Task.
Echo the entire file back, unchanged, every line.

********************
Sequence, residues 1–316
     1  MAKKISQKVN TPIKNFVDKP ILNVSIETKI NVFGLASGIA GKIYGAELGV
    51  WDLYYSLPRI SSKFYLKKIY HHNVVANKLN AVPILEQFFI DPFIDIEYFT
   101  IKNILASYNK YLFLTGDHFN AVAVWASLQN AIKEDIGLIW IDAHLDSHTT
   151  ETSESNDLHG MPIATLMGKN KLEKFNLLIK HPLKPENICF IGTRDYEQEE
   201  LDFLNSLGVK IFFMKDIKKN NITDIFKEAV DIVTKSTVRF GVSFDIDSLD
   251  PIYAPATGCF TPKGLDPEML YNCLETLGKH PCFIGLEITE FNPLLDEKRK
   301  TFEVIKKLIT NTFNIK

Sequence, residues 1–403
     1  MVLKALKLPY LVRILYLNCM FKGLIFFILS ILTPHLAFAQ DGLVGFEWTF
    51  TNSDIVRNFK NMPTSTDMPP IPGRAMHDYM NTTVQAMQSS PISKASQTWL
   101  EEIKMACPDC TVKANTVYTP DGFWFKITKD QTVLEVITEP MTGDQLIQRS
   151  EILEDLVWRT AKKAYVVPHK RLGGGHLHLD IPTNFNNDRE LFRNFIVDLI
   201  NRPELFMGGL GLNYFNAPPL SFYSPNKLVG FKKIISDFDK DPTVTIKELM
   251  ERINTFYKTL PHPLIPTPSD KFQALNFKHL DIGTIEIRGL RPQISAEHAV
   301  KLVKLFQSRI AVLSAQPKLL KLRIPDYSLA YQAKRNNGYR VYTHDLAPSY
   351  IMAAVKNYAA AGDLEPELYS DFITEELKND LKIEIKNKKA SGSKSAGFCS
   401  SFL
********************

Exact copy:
Sequence, residues 1–316
     1  MAKKISQKVN TPIKNFVDKP ILNVSIETKI NVFGLASGIA GKIYGAELGV
    51  WDLYYSLPRI SSKFYLKKIY HHNVVANKLN AVPILEQFFI DPFIDIEYFT
   101  IKNILASYNK YLFLTGDHFN AVAVWASLQN AIKEDIGLIW IDAHLDSHTT
   151  ETSESNDLHG MPIATLMGKN KLEKFNLLIK HPLKPENICF IGTRDYEQEE
   201  LDFLNSLGVK IFFMKDIKKN NITDIFKEAV DIVTKSTVRF GVSFDIDSLD
   251  PIYAPATGCF TPKGLDPEML YNCLETLGKH PCFIGLEITE FNPLLDEKRK
   301  TFEVIKKLIT NTFNIK

Sequence, residues 1–403
     1  MVLKALKLPY LVRILYLNCM FKGLIFFILS ILTPHLAFAQ DGLVGFEWTF
    51  TNSDIVRNFK NMPTSTDMPP IPGRAMHDYM NTTVQAMQSS PISKASQTWL
   101  EEIKMACPDC TVKANTVYTP DGFWFKITKD QTVLEVITEP MTGDQLIQRS
   151  EILEDLVWRT AKKAYVVPHK RLGGGHLHLD IPTNFNNDRE LFRNFIVDLI
   201  NRPELFMGGL GLNYFNAPPL SFYSPNKLVG FKKIISDFDK DPTVTIKELM
   251  ERINTFYKTL PHPLIPTPSD KFQALNFKHL DIGTIEIRGL RPQISAEHAV
   301  KLVKLFQSRI AVLSAQPKLL KLRIPDYSLA YQAKRNNGYR VYTHDLAPSY
   351  IMAAVKNYAA AGDLEPELYS DFITEELKND LKIEIKNKKA SGSKSAGFCS
   401  SFL